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CUFFELD v. SUPREME COURT OF PENNSYLVANIA

July 23, 1996

CHARLES H. CUFFELD, HONORABLE, PRESIDENT JUDGE PHILADELPHIA TRAFFIC COURT, Plaintiff,
v.
THE SUPREME COURT OF PENNSYLVANIA, et al., Defendants.



The opinion of the court was delivered by: REED

 Reed, J.

 July 23, 1996

 Plaintiff the Honorable Charles H. Cuffeld, President Judge Philadelphia Traffic Court has brought this action against the following defendants: the Supreme Court of Pennsylvania; seven Justices of the Supreme Court of Pennsylvania (collectively "Justices"); the Honorable Alex Bonavitacola, President Judge Court of Common Pleas of Philadelphia County; Cynthia Marelia, Court Administrator Philadelphia Traffic Court; and Nancy M. Sobolevitch, Court Administrator of Pennsylvania. Plaintiff alleges that defendants have infringed his rights guaranteed under the federal Constitution in violation of 42 U.S.C. §§ 1983, 1985. Plaintiff further alleges that these defendants have violated the doctrine of separation of powers embodied in the Constitution of the Commonwealth of Pennsylvania. This Court has jurisdiction pursuant to 28 U.S.C. §§ 1331, 1343.

 Currently before the Court is the motion by defendants to dismiss. (Document No. 6) The Court has considered the complaint, the motion of defendants, the respective filings of the parties and the oral argument thereon. For the following reasons, the motion will be granted in part and denied in part. With regard to all counts of the complaint as against defendant the Supreme Court of Pennsylvania and with regard to Counts II and V of the complaint as against the individual defendants, the motion will be granted. The motion will also be granted with respect to Count I as against the individual defendants, but only to the extent that Count I asserts a claim for violation of the right of plaintiff to freedom of association as secured by the First Amendment to the Constitution of the United States. The motion will be denied in all other respects, and the remaining claims by plaintiff will be allowed to proceed.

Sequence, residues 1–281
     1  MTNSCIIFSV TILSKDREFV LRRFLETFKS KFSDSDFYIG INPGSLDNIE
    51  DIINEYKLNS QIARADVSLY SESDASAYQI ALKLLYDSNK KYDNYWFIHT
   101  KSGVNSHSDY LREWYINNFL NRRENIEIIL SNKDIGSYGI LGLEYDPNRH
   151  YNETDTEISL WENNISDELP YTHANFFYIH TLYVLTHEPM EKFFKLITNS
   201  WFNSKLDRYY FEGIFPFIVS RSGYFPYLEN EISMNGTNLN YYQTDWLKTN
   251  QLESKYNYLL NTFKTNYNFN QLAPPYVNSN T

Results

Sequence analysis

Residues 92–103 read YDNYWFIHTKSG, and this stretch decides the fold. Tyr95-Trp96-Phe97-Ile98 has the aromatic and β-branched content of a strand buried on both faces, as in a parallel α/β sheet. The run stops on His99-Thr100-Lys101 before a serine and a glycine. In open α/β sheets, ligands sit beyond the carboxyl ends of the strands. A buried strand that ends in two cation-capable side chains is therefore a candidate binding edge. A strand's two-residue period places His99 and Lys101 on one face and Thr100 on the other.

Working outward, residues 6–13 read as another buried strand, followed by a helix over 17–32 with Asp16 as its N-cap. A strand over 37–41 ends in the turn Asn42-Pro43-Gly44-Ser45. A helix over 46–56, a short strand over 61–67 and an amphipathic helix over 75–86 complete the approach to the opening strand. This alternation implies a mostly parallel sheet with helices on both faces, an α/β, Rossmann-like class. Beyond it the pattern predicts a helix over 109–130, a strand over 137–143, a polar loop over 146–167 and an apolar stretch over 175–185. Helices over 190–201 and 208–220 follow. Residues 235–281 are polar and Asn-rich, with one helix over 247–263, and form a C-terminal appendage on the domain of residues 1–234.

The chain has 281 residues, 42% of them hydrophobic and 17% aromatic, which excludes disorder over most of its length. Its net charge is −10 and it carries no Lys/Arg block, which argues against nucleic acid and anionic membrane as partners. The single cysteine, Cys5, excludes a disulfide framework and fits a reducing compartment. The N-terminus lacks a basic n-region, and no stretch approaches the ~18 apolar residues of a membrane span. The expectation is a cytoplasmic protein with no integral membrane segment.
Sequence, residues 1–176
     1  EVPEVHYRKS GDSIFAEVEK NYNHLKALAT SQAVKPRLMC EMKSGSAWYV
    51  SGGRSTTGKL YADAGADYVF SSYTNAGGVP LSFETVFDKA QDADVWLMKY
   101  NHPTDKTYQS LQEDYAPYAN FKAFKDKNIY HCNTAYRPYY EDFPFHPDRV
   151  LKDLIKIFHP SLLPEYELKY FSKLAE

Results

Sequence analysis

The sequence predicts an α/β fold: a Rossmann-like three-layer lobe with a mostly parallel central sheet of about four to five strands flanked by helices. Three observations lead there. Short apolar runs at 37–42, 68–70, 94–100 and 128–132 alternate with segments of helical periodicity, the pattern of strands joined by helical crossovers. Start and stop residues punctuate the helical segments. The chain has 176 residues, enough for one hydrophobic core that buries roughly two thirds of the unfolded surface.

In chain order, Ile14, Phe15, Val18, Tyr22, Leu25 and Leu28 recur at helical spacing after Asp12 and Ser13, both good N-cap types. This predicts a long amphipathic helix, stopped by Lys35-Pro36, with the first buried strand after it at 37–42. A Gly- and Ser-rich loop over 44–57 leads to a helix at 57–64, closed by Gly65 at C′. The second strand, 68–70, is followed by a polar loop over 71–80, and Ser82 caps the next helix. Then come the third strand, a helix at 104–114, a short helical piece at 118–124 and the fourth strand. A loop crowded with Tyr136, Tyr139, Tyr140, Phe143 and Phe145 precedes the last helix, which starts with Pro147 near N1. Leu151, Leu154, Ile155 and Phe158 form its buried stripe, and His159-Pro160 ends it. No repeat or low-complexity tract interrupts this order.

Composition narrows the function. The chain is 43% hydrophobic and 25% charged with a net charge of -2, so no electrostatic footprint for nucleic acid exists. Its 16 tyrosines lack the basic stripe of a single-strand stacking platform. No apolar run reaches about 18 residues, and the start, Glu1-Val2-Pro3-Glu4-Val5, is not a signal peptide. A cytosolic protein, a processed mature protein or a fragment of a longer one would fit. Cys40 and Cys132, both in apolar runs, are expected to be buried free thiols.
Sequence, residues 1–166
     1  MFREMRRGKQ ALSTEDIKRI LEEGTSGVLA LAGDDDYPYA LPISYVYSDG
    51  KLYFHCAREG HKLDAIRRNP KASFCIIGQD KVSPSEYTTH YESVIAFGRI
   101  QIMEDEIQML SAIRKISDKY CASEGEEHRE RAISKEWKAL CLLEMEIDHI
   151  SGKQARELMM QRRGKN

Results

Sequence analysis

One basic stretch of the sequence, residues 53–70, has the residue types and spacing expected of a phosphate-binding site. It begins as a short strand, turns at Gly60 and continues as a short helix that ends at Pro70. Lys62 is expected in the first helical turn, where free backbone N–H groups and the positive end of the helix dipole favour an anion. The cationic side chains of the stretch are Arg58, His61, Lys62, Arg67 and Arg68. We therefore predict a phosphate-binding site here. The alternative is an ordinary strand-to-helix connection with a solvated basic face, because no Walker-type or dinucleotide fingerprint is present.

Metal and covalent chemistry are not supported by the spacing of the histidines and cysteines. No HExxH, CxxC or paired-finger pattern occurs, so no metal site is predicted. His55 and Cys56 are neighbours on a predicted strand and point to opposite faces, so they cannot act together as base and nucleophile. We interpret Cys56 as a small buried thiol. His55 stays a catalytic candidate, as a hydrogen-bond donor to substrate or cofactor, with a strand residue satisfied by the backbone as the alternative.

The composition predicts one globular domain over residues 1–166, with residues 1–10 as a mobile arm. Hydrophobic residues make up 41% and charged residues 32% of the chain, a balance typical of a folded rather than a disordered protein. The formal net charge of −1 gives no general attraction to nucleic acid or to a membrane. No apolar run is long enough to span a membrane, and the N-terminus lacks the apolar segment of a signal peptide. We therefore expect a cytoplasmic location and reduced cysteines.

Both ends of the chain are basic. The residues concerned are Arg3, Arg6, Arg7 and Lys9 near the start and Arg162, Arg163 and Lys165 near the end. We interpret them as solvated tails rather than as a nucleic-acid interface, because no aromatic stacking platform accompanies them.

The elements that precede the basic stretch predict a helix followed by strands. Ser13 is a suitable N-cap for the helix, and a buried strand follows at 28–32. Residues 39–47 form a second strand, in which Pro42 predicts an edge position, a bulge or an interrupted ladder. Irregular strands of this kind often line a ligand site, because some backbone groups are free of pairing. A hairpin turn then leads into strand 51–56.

While I do not generally comment on pending litigation except to render legal opinions, I feel compelled in this case to note how regrettable it is that this Court is involved in a dispute of this nature. At a time when the Philadelphia court system is in the midst of reorganization and the judiciary as a whole is facing a multitude of challenges, it is unfortunate that this state's judicial system, as represented by both plaintiff and defendants, is faced with an additional drain on its limited resources because of this dispute. This Court cannot, of course, comment on the ultimate viability of the remaining claims asserted by President Judge Cuffeld; the resolution of the instant motion to dismiss is necessarily based solely on the allegations contained in the complaint and the legal arguments asserted by the parties and not on whatever evidence may be available to support or refute these claims. But regardless of the merits of these claims, it is the fervent hope of this Court that this dispute will be speedily resolved by the parties without the need for further action by this Court.

 I. FACTUAL BACKGROUND

 The following facts are based upon the well-pleaded allegations of the complaint. See Miree v. DeKalb County, 433 U.S. 25, 27 n.2, 53 L. Ed. 2d 557, 97 S. Ct. 2490 (1977).